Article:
The Arizona Court of Appeals agreed to expedite consideration of Republican gubernatorial candidate Kari Lake’s lawsuit alleging that the 2022 election was flawed.
In a brief order, issued on Jan. 9 and made public the next day, the court ordered a reset of “the matter for conference on February 1, 2023,” and agreed with Lake’s arguments that her challenge should be handled as a “special action petition.” The court date was reportedly scheduled for March.
Lawyers for Democrat Arizona Gov. Katie Hobbs, the state’s former secretary of state, has until Jan. 17 to respond and argue why Lake’s challenge should be rejected, according to the order. Lake had petitioned both the state’s Appeals Court and Supreme Court after a Maricopa County judge rejected her case after a two-day trial in December.
But earlier this month, the Arizona Supreme Court denied Lake’s petition to transfer her election lawsuit to the high court and said it will be heard before the Appeals Court first.
In December, Lake filed a lawsuit against Hobbs in her capacity as secretary of state, Maricopa County supervisors, Maricopa Recorder Stephen Richer, and other officials, asserting that the county’s handling of the election was seriously flawed and disenfranchised Election Day voters. Lake, a former broadcast journalist, argued that such disenfranchisement and election voting issues were enough to swing the election in her favor. She lost by 17,000 votes.
A Maricopa County judge, Peter Thompson, threw out Lake’s lawsuit on Dec. 24 and said she did not produce enough evidence, but he ruled that Lake should not be sanctioned and fined hundreds of thousands of dollars. Days before that, Thompson tossed out 8 of Lake’s 10 election claims.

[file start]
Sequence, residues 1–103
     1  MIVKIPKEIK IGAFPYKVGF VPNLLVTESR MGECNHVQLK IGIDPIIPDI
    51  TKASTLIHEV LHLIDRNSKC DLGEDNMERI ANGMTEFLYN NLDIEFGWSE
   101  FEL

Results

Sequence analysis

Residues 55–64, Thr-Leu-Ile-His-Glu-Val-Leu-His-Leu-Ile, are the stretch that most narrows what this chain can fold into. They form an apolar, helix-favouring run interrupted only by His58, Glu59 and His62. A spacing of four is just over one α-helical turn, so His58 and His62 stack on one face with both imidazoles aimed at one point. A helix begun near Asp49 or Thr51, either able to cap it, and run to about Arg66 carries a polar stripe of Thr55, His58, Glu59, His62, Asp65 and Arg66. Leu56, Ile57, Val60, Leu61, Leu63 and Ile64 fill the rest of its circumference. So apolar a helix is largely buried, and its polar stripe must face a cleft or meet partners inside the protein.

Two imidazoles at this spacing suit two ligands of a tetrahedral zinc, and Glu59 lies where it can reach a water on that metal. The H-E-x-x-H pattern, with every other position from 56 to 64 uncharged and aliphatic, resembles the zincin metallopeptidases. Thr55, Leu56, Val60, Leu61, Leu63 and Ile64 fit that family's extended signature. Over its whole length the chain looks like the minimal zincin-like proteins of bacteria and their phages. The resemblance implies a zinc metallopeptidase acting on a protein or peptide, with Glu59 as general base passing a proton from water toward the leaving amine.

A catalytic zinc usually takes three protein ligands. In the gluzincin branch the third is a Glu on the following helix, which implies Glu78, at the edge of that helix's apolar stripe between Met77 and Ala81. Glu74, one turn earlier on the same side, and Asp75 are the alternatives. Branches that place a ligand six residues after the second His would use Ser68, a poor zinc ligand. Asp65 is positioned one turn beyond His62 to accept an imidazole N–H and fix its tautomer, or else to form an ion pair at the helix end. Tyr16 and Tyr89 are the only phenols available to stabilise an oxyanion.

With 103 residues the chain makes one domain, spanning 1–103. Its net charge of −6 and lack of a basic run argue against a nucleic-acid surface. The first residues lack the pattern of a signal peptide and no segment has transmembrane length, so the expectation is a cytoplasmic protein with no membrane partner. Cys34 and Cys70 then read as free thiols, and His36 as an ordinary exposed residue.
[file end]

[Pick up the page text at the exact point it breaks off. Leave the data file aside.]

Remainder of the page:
A portion of Lake’s lawsuit included claims that she would have won or had a better chance of winning if dozens of Maricopa County ballot printers worked properly on Election Day. A number of those printers created ballots that couldn’t be read by tabulators, Maricopa County Supervisor Bill Gates and Richer confirmed during a Nov. 8 news conference, telling voters to place those ballots in drop-boxes or find another location to vote.
Supervisors in Maricopa recently sought to produce a report to determine why those ballot printers didn’t work in November. They hired former Arizona Supreme Court Chief Justice Ruth McGregor to carry out an investigation, the county confirmed last week.
Lake’s lawyers previously argued that those Maricopa officials allegedly “admitted, after first denying, that illegally misconfigured ballots were injected into the election” and triggered the “tabulators to reject tens of thousands of ballots.” Lawyers stated Republican voters on Election Day were disproportionally impacted.”
During the two-day trial, Lake called on independent pollster Richard Baris, who testified that he believes the Election Day technical problems disenfranchised enough voters that it would have changed the outcome of the race. Maricopa Election Day voters, he asserted, mostly trended Republican and that between 25,000 to 40,000 people who would normally have voted actually didn’t cast ballots as a result of the tabulator and printer errors.
Baris told the court that his estimate was primarily influenced by the number of people who began answering his exit polls but didn’t finish the process during the midterm contest.
Hobbs First Address
In a ceremony earlier this month, Hobbs was sworn in as Arizona governor, and on Monday, delivered her first speech to the state Legislature. In the address, she took a veiled shot at Lake and other state Republicans.
“Chasing conspiracy theories, pushing agendas for special interests, attacking the rights of your fellow Arizonans or seeking to further undermine our democracy will lead nowhere,” Hobbs said.
Other officials who formally took office earlier this month were Adrian Fontes as secretary of state and Kris Mayes, who won by only about 280 votes, as attorney general. Both Democrats defeated Republicans who subsequently challenged their losses in court.
Mayes’ opponent, GOP candidate Abe Hamadeh, filed a motion in Mohave County on Jan. 6 to again challenge the Nov. 8 election results in the attorney general race and argued there is new evidence of voter disenfranchisements. It came, according to his suit, after hundreds of ballots were located in Pinal County.
“We simply ask that we be given the opportunity to apply the Pinal County process across the board to conduct a physical inspection and hand count of ballots that if the Pinal County issue repeats itself anywhere else in the state could be outcome determinative in this election,” Hamadeh wrote on Twitter.